A Sydney mathematician managed to crack a popular dating app's formula and scored himself a girlfriend, using what he knew best.
When a Sydney actuary found himself with too much time on his hands, he turned to popular millennial dating app Coffee Meets Bagelfor help.
Caleb, 30, who works at a prominent consulting firm, turned his mathematical mind to cracking the app's code, and it didn't take him long.
"I basically found the formula," he told news.com.au with a laugh. "I've always wanted to optimise things, make them the most efficient."
And he did exactly that, figuring out what would give his dating profile maximum popularity.
He found it was nothing to do with good-looks, with the app's algorithm promoting profiles with photos in a particular style and order.
Caleb changed his profile accordingly, including a portrait photo of himself, an image with his back to the camera in a scenic location, and a standard group picture where he was right in the middle.
"I went from having a 10-20% hit rate to an 80-90% hit-rate. It was crazy," he said.
Only a month later, he met the girl of his dreams. They've been together for six months now.
Caleb is not the actuary's real name; he asked to be anonymous in case he ever returns to the dating app, worrying the platform will ban him.
However, he thinks it's unlikely he'll have to look for another girl.
"This one will be a keeper," he said.
It all started when Caleb was on his way to a ski trip in Whistler. In a comic twist, before he even set foot on the ski field, he managed to break his foot.
Doctors recommended rest and he was housebound for 12 weeks with only his moon boot for company.
"I live by myself so I was bored, (always) messaging and texting friends," he said.
Caleb downloaded Coffee Meets Bagel and occupied his time swiping left and right.
But something wasn't adding up for the mathematician. He wasn't matching with many girls. So he used what he knew best – maths – to solve the equation.
There are two ways to meet people on the service, he explained. The first way is free, where users get a limited number of daily matches.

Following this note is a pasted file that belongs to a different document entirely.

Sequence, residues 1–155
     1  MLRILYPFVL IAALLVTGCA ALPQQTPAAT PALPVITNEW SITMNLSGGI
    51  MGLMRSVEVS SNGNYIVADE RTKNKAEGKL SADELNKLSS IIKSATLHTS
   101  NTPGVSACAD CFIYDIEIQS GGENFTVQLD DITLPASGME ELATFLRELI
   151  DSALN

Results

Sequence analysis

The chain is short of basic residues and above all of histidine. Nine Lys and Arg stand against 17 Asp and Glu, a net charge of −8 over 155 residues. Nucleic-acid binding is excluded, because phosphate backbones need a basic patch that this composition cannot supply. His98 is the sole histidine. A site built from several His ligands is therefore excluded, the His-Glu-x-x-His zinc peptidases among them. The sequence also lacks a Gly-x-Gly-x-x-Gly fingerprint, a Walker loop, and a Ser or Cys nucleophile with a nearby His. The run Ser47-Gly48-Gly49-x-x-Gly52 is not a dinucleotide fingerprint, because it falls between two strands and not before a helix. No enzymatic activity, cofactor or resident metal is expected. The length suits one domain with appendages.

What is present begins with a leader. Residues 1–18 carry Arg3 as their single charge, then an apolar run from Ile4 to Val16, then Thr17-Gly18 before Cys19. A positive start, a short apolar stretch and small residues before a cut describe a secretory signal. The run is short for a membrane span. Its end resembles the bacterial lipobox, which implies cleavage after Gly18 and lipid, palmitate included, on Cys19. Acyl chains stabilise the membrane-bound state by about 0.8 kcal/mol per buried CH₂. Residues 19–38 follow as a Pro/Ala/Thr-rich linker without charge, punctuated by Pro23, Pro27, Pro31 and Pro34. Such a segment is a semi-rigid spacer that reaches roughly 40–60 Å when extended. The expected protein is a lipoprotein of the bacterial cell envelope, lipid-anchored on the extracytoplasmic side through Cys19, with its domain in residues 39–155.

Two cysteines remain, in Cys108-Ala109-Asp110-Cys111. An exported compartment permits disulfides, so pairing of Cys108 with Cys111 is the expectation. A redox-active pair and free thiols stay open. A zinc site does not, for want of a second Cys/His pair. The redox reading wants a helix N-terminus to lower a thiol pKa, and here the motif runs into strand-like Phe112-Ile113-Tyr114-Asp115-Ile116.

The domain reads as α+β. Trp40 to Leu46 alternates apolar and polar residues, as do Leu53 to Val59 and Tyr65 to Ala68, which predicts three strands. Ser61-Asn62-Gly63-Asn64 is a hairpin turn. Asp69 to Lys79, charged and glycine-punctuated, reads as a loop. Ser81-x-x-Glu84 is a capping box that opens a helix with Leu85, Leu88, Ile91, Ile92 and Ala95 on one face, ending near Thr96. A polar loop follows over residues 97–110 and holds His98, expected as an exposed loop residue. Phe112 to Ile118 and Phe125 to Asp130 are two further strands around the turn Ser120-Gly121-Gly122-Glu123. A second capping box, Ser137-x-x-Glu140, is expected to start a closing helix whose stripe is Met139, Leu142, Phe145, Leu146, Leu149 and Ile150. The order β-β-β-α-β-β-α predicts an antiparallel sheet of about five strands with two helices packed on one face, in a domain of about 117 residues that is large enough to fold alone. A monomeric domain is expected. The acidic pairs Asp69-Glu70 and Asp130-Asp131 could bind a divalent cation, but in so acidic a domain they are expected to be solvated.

The second method is how the company makes money. Users can view a wall of additional profiles on a "Discover" page, but in order to contact these potential matches, they need to pay.
"I realised that the Discover tab, by virtue of being the portal for generating revenue, was full of the most popular profiles on the app," Caleb said.
So he just needed his profile to become one of them.
"There was clearly a formula but I didn't have the data."
He created five fake female profiles with his desired partner characteristics such as age and ethnicity. He used those profiles to look through 200 male profiles, methodically labelling each picture.
He recorded details of each profile, including whether their pictures were in portrait or landscape, whether the guy was smiling and if it was in black and white, to name a few.
"A lot of it was trying to identify what combo of words and pictures was the most popular," he said.
After a while "it became very clear exactly what you needed".
Caleb discovered that many popular profiles shared some similar characteristics.
"There were so many photos with a majestic view, where the guy stood with his back to the camera shoulder-width apart," he said.
"I had to go out of my way to get those photos."
He went all the way to the Blue Mountains to photograph himself in nature, with his back to the camera.
Then he carefully made sure everything was in the right order. He put a portrait photo of himself first, followed by the Blue Mountains picture. A standard group picture and a shirtless photo of himself at the beach also featured.
"After I had the full array of pictures my match rate went up significantly," he said.
"I went from having very few dates through the app to having two dates a day. I screwed up and actually double-booked someone – twice."
Eventually he met his girlfriend. He was almost disappointed that all his hard work was no longer necessary. Almost.
When he told her about his data-driven attempts to score a girl, "she was in hysterics".
"She already thought I was a massive nerd but this just confirmed it," he said.
"But she was definitely appreciative of the effort I put in."